A shift by Denso Corp. from proprietary technology to a more open-systems approach may be at the heart of a patent-sharing agreement announced this month between the supplier and Microsoft Corp., says a telematics analyst.
Under the agreement announced July 7, Denso will pay Microsoft an undisclosed amount to gain access to Microsoft patents in applications that include in-dash navigation. Denso will provide Microsoft free access to some of its own patents.
Spokesmen for Denso and Microsoft would not comment on the deal.
Denso has been Toyota Motor Corp.'s longtime supplier for navigation systems and electronics for information and entertainment systems in Toyota and Lexus vehicles. Toyota owns 23 percent of Denso.
Phil Magney, vice president for automotive research at the analytical firm iSuppli Corp., said the Microsoft arrangement may mean Denso is reaching out for a new architecture for those systems.
"Denso has been a closed shop when it comes to infotainment. Literally, they have done it all in-house," Magney said. "That type of system going forward, we believe, has its days numbered."
Magney said the automotive market is moving from monolithic in-car navigation and entertainment systems to an architecture much more like that used in smart phones, which can support new applications and offer developers more flexibility.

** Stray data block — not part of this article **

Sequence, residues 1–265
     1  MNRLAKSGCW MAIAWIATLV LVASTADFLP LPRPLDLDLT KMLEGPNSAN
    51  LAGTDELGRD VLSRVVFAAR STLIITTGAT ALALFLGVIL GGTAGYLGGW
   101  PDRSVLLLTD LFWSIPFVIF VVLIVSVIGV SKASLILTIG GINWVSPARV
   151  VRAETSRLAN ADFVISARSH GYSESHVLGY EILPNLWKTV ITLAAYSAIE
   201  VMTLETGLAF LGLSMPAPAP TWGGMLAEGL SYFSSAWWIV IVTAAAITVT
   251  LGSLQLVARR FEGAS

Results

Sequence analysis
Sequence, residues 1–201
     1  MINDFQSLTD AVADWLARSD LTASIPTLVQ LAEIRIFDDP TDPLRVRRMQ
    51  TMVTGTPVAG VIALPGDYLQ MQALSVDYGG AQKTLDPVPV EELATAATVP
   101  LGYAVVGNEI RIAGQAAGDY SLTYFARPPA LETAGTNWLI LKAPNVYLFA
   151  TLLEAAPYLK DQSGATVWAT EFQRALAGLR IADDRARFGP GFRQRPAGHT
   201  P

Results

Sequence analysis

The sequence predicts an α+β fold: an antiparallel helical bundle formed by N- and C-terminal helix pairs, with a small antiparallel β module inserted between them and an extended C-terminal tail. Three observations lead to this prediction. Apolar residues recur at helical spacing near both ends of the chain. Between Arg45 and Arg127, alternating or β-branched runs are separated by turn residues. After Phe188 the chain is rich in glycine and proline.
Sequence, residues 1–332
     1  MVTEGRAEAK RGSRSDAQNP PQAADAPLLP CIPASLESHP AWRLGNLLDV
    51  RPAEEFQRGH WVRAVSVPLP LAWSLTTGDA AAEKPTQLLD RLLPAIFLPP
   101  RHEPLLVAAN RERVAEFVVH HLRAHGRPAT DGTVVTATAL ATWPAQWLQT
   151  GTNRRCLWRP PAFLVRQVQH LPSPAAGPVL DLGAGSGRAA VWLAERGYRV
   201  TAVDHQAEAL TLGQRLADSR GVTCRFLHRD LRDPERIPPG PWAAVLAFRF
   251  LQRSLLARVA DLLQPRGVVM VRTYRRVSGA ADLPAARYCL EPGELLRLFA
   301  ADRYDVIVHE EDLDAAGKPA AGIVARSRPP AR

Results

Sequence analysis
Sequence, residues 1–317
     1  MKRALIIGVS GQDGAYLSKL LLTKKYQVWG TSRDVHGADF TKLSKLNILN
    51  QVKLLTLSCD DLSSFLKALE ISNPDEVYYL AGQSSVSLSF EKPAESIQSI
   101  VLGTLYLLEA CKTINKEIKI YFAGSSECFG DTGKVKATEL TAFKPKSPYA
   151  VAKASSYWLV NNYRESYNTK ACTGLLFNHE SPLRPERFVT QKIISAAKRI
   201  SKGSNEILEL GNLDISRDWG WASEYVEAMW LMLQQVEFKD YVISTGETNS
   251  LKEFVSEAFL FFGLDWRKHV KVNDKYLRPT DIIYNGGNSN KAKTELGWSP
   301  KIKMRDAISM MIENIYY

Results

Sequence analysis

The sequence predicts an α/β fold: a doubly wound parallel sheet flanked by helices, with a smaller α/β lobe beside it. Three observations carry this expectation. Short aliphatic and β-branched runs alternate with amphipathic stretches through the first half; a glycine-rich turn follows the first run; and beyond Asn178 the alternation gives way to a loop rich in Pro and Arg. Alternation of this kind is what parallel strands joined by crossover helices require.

Microsoft's modified Windows CE software platform for cars -- Microsoft Auto -- backs new and more flexible systems such as Ford Motor Co.'s Sync, Kia Motors Corp.'s UVO and, in Europe, Fiat Auto Group's Blue&Me.
Magney said the patent-sharing agreement may bring in Microsoft operating knowledge to support a Denso architecture named Blue Harmony, unveiled in January. Blue Harmony is meant to let drivers configure the layout of touchscreen controls, use Web-based Denso features and stream applications, including Pandora Internet music and social media such as Facebook and Flickr.
"We can only speculate, but it could signal support from an operating system standpoint," Magney said. "It could signal hedging their bets a bit."
Microsoft's operating system is not the only one making automotive gains. In June, Robert Bosch GmbH said that it will use Linux-based software and that Robert Bosch Car Multimedia GmbH will contribute to the Genivi Alliance, a Linux consortium, with the aim of delivering a common infotainment operating system.
Others in the field include real-time operating system supplier QNX Software Systems, a unit of Research in Motion Ltd., the maker of BlackBerry phones; and Google's Android system, better known for its applications for smart phones.
The Denso-Microsoft deal is not a technology-licensing agreement for production, the Microsoft release said, but is meant to develop "cutting-edge innovations."